SCOLES REPLIES: It's true that the inclusion of reproduction, or at least the ability to reproduce, is standard for most definitions of life. But that does ignore pesky complications, a classic one being the mule: an animal that everyone can agree is alive but that typically cannot make more of itself, with or without genetic variations. And flame, which can make more of itself, is not alive. On the topic of aging, Earth does actually have organisms that are functionally immortal, such as hydras. All of this is to say that the reproduction criterion isn't black-and-white, and neither is the definition of life. Humans will probably keep searching for versions of both the definition and life beyond Earth for a long time.
ANTARCTIC HIGH RISE
“The Coming Collapse,” by Douglas Fox [November 2022], describes the impending disintegration of the Thwaites Glacier, which will contribute to sea-level rise. I have questions about what happens after the glacier's demise.
As I remember, ice's displacement of water remains the same when that ice melts. Thus, there will be no further increase in sea-level rise if ice that is already floating detaches from the main glacier. Is that correct? Additionally, the more apocalyptic stories about Thwaites seem to suggest it will fall into the ocean with a big splash. Does it work that way, or does the glacier slide in over the course of days, weeks, months or years?
Fred Brunyate via e-mail
FOX REPLIES: Because an ice shelf is already floating, its melting does not directly contribute to sea-level rise. Once the ice shelf is gone, however, the glaciers behind it accelerate their flow into the ocean—and this does increase sea level. After the collapse of the Larsen A and B and Prince Gustav ice shelves on the Antarctic Peninsula, the flow of the glaciers they had buttressed accelerated by twofold to ninefold. Much of this speedup happened within months. Thwaites's slide into the ocean won't necessarily accelerate that much when its ice shelf finally dies. But even the mere thinning and shrinking of the ice shelf to date have allowed the glacier's flow to accelerate. The nearby Pine Island Glacier has similarly seen a flow speedup of about 70 percent. The Thwaites and Pine Island Glaciers are so huge, compared with the little glaciers on the Antarctic Peninsula, that even their more moderate acceleration will contribute far more to sea-level rise.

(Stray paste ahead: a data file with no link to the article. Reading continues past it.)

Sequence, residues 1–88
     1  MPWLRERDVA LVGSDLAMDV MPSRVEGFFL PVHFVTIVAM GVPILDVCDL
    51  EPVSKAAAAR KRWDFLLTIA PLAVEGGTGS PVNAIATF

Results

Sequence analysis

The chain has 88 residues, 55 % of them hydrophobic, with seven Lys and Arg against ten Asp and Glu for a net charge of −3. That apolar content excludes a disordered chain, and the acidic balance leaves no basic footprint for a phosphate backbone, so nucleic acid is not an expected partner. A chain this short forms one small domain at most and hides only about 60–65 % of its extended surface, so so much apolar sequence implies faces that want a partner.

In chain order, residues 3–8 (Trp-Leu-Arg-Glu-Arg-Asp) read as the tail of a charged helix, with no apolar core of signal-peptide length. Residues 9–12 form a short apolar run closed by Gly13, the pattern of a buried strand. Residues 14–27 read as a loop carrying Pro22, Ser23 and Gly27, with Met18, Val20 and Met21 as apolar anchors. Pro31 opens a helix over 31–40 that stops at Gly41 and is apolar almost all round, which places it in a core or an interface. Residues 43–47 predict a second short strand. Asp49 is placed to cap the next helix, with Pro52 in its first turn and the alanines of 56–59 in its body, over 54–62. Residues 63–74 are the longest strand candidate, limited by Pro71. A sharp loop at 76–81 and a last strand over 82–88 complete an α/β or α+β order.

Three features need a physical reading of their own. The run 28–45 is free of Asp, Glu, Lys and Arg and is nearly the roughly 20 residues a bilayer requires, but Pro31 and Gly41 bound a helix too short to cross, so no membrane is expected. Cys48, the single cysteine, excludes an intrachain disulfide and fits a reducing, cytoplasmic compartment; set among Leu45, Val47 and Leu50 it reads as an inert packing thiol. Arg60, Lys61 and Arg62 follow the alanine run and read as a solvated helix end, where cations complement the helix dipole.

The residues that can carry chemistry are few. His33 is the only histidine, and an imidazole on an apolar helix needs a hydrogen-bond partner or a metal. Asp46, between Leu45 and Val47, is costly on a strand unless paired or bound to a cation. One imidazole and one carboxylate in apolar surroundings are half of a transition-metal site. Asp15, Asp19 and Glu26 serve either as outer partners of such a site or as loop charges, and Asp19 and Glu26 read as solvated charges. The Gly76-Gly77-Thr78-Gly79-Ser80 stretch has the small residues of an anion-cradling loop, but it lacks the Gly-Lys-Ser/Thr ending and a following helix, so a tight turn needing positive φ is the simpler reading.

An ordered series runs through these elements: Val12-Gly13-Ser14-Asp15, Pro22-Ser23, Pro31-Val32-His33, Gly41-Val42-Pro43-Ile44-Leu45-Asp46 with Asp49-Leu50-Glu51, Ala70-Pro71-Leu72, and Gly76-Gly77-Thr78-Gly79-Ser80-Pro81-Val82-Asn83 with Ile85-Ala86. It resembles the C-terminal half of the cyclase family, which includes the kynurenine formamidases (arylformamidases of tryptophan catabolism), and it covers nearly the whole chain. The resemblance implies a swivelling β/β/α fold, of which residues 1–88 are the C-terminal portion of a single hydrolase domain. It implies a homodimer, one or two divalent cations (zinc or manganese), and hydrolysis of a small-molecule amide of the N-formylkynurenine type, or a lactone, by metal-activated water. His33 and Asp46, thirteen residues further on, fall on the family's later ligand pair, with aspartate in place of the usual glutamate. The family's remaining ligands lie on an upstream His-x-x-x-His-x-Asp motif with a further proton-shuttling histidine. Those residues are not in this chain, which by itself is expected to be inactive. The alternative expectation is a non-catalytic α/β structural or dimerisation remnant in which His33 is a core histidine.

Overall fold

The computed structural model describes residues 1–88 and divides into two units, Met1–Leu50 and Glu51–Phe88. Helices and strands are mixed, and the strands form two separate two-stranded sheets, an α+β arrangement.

The Thwaites Glacier covers an area approximately the size of Florida, and it's not all going to slide into the ocean immediately. So its “full” collapse will take centuries. But the big concern is that once Thwaites loses its ice shelf and its grounding line retreats past a certain point, the glacier will be inherently unstable. We'll have committed future humanity to the full amount of sea-level rise—even if it takes centuries to unfold.
“Concrete Cure,” by Mark Fischetti, Nick Bockelman and Wil V. Srubar, should have said that the process of converting lime into clinker involves the lime sintering (fusing), not both sintering and melting. It also should have said that adding mineralizer to the lime would lower its sintering temperature, not its melting temperature.
“Striking Back,” by Allison Parshall [Advances, April 2023], should have said the laser consumes about 10 kilowatts, not 10 kilowatts per hour.
In “Imaginary Universe,” by Marc-Olivier Renou, Antonio Acín and Miguel Navascués [April 2023], two of the equations in the opening illustration should have been given as i5 = i and i8 = 1, not i5 = 1 and i8 = √–1. And the box “What Are Imaginary Numbers?” should have said that rational numbers include the integers, not that “rational numbers are the integers.”